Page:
Ban Ki-moon’s signature contribution as secretary-general will be his stalwart advocacy of an effective international global climate agreement. While the bilateral agreement between the United States and China before the Paris summit was a crucial breakthrough, Mr. Ban worked hard and long to prepare the ground for multilateral progress.
In particular, he made an effective case that the major economies should act in and through the United Nations. His persuasiveness on that issue helped the U.S. and China find common ground, bringing 193 other countries into the Paris agreement.
Mr. Ban will also be remembered with gratitude for his role in the Sustainable Development Goals. He was able to put the U.N. in a stronger position than it has been in the past with regard to development, potentially leaving his successor with more room to tackle the next phase.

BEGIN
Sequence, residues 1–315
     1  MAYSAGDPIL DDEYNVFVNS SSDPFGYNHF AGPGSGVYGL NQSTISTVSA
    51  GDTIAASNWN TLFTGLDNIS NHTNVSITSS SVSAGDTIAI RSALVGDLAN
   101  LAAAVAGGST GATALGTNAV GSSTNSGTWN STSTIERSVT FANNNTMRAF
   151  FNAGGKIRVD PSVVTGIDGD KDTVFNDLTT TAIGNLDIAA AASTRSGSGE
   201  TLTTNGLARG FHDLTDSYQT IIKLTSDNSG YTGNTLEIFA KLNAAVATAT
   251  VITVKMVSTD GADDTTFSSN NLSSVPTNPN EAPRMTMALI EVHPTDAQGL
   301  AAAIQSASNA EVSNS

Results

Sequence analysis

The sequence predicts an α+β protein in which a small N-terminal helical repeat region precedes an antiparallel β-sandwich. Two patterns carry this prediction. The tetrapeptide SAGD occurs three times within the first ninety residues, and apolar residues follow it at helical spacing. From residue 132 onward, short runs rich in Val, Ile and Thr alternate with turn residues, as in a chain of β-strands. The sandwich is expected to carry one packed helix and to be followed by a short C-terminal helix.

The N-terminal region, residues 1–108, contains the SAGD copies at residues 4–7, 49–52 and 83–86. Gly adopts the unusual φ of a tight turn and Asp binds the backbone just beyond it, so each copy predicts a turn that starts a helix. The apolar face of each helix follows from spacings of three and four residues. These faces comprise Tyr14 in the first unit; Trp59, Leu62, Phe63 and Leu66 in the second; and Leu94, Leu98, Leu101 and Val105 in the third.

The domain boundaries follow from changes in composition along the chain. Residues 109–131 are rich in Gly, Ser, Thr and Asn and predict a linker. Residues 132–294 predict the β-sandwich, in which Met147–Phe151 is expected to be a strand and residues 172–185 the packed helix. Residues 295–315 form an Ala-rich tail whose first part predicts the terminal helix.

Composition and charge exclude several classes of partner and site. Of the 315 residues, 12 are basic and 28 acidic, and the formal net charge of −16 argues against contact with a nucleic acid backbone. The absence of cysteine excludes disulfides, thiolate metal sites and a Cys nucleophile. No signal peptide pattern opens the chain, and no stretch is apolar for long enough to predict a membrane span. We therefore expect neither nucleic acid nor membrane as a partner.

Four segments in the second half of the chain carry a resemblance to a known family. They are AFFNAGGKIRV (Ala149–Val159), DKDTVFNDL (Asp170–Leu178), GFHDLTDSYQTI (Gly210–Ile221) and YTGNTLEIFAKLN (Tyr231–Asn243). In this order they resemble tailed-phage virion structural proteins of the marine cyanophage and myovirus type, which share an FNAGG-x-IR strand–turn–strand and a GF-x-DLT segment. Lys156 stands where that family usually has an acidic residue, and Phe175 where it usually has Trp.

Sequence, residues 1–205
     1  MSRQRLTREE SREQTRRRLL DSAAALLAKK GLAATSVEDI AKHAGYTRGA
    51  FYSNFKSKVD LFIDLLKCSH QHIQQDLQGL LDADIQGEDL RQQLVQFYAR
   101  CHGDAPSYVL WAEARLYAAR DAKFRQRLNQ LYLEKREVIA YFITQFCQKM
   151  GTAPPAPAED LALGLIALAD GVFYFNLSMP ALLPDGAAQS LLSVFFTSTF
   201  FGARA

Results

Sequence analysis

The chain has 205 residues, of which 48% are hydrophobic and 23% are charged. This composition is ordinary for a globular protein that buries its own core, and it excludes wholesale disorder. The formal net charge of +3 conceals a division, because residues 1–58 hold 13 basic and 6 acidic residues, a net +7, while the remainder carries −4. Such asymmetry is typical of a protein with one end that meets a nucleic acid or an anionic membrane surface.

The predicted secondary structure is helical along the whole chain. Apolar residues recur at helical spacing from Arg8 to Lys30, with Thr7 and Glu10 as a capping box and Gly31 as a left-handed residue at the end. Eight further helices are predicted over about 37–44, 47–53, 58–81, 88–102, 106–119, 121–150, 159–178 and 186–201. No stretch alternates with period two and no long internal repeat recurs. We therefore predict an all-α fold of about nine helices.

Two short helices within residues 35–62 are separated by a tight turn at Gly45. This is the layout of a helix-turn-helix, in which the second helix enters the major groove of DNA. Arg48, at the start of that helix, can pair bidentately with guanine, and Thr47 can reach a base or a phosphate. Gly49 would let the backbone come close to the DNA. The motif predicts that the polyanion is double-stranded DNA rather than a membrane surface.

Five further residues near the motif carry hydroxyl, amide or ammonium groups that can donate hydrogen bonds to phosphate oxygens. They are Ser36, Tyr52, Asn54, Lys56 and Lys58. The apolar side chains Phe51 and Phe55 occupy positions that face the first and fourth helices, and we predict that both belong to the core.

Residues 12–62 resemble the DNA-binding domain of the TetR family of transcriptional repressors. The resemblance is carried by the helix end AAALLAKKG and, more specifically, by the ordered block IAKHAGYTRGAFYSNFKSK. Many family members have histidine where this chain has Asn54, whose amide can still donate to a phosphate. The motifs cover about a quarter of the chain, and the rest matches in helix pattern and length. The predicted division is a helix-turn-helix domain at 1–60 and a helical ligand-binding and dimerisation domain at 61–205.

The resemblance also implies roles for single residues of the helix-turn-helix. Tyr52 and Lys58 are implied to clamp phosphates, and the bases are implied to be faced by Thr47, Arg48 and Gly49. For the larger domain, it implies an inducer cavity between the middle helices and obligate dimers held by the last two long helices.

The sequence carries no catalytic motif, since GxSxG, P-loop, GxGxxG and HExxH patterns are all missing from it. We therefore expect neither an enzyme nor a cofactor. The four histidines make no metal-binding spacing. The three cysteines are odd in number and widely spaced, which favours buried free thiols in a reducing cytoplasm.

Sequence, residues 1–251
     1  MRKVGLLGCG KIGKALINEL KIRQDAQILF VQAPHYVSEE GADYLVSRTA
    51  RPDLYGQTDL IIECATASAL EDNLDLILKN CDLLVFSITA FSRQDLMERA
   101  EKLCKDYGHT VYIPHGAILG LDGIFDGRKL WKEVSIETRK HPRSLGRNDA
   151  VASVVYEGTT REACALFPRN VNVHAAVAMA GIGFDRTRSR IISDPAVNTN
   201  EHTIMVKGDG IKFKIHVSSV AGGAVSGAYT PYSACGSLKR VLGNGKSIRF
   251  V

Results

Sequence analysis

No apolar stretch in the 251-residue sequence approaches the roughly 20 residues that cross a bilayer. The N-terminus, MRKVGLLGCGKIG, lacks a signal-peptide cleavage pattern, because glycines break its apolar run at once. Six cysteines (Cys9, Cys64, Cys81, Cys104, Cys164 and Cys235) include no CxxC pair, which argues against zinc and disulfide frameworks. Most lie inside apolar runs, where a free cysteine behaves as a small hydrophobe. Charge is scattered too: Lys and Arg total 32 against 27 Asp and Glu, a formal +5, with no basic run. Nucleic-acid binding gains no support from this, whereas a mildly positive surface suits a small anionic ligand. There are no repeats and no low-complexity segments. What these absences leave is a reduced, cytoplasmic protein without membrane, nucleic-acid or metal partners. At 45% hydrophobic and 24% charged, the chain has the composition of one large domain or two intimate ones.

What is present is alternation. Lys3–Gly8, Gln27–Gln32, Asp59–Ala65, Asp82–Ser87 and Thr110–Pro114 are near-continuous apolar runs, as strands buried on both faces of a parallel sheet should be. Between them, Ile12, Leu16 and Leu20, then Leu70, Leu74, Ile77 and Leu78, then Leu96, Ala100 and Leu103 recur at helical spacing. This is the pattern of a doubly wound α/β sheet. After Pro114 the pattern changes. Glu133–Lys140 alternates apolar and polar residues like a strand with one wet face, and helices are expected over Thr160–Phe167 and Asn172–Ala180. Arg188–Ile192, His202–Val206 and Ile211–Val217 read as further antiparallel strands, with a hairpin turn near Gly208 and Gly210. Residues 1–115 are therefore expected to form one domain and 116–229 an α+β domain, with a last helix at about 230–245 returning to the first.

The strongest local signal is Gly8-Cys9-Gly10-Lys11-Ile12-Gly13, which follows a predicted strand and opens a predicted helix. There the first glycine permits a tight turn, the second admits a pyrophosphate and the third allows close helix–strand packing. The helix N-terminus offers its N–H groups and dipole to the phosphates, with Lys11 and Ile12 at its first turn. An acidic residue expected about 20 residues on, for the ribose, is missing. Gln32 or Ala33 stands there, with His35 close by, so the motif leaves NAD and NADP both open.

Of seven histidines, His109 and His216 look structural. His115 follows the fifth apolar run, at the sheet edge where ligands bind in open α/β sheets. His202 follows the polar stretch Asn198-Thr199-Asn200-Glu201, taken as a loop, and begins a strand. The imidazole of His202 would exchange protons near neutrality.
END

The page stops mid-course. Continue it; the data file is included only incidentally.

These two achievements have in common Mr. Ban’s innovative nurturing of bottom-up diplomacy, thus engaging political buy-in and resources from the member states.
As for the crucial business of promoting peace and security, it took Mr. Ban some time to get his footing on what is, of course, treacherous and shifting ground. But by the time he did so, he identified the core problems and diligently tried to apply effective measures.
While preparing to leave office, Mr. Ban has sought to eradicate the stain of refusing to admit responsibility for the outbreak of cholera in Haiti after the earthquake. His tardiness in that regard was regrettable, but he did the right thing in the end. It should also be remembered that he led a flexible and assertive response to the earthquake itself.
While confronting inherited and new challenges, the next secretary-general will be grateful to Ban Ki-moon for bringing a more inclusive set of states and other international actors together.
Strobe Talbott is president of The Brookings Institution.
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